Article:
Corporate Banner
Satellite Banner
ADME Tox
Scientific Community
 
Become a Member | Sign in
Home>News>This Article
  News
Return

A Vaccine for Heroin Addiction

Published: Wednesday, July 17, 2013
Last Updated: Wednesday, July 17, 2013
Bookmark and Share
Heroin addiction has proven especially hard to treat through vaccination because of the speed it metabolizes in the body.

Scientists at The Scripps Research Institute (TSRI) have been working to develop vaccines for drug addiction since the early 1990s. Currently, TSRI vaccines for cocaine and nicotine addiction are in clinical trials, with one for methamphetamine nearing the research phase. 

A TSRI research team led by Professor Kim Janda and Professor George F. Koob, who chairs TSRI's Committee on the Neurobiology of Addictive Disorders, has developed a vaccine that successfully prevents heroin from reaching the brain. In trials, the vaccine caused heroin-addicted rats with access to an unlimited supply of the drug to stop taking it. 

"Heroin-addicted rats deprived of the drug will normally resume using it compulsively if they regain access, but our vaccine stops this from happening," said Dr. Koob. If the vaccine proves as effective in human trials, it could help heroin addicts committed to recovery; heroin addiction is estimated to affect more than 10 million people worldwide. Because heroin is often injected, users who share syringes are not only at risk for fatalities from overdose, but also of contracting many other diseases including HIV and hepatitis C.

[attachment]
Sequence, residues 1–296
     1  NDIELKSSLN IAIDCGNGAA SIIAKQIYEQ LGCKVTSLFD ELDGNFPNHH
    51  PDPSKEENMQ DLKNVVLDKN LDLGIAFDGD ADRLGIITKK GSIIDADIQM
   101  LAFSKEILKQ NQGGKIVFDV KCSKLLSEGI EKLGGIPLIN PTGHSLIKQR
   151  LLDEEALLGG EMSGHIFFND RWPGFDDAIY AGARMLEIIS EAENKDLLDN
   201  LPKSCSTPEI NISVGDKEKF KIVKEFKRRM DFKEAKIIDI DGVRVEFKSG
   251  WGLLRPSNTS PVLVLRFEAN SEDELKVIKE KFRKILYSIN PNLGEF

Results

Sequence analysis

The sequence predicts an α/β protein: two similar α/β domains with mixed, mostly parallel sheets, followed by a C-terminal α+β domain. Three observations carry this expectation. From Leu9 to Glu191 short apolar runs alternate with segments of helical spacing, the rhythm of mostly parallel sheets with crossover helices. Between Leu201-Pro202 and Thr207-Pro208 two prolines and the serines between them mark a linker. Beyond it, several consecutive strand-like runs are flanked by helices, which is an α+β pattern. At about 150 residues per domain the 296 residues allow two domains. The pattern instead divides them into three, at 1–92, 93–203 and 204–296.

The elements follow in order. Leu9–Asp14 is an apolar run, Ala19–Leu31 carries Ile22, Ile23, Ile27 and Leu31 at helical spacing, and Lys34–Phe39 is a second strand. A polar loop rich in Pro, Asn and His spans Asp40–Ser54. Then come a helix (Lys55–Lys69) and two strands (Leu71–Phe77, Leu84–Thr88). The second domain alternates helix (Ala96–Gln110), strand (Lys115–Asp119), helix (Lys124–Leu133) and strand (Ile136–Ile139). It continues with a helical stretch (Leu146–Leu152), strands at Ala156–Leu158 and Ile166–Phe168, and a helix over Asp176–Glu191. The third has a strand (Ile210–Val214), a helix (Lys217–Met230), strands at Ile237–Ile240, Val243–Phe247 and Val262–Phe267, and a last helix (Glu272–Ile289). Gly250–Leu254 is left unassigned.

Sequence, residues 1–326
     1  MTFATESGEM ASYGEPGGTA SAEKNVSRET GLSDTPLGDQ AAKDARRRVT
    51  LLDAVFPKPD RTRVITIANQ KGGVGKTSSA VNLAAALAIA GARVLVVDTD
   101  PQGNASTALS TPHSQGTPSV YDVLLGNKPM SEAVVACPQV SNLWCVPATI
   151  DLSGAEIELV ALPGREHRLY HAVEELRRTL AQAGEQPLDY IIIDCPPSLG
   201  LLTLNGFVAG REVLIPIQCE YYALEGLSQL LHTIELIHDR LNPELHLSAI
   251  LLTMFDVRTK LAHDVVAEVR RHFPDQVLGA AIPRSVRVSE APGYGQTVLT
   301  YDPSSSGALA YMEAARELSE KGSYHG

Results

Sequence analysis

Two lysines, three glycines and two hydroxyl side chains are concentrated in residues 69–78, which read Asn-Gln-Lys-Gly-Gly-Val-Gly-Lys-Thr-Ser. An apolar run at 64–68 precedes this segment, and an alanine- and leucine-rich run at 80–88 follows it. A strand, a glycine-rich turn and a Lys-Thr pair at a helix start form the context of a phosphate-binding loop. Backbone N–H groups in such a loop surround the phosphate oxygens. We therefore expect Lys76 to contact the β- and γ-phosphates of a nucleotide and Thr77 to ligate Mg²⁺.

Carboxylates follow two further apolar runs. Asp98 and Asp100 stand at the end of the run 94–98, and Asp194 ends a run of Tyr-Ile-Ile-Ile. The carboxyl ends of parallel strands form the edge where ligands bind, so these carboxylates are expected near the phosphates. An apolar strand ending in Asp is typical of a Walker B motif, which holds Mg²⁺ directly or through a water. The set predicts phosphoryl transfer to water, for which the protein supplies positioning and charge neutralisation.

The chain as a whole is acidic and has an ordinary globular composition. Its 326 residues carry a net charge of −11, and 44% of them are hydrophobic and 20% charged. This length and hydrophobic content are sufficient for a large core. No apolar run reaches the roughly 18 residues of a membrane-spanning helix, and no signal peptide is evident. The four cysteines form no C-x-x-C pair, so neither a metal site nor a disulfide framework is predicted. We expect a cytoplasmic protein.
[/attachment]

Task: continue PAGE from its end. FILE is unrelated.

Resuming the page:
The TSRI vaccines treat drug addiction by causing the immune system to treat the drug molecules as a pathogen, like a bacteria or virus, and to send out antibodies to bind to them and neutralize them before they enter the brain – where they cause the high that addicts crave. Common drug molecules are too small and simple to stimulate the immune system sufficiently on their own, but vaccine designers affix key fragments of the molecules to larger more immune-provoking carrier proteins. 

Designing an effective vaccine against heroin has been particularly challenging because the drug breaks down rapidly in the bloodstream into 6-acetylmorphine and morphine. The TSRI team had to develop a vaccine that not only triggered antibodies for heroin, but these other molecules as well. 

"The vaccine effectively tracks the drug as it is metabolized, keeping the active breakdown products out of the brain, and that, I think, explains its success," said Dr. Janda, who is TSRI's Ely R. Callaway, Jr. Chair in Chemistry, and whose laboratory initially developed the vaccine three years ago.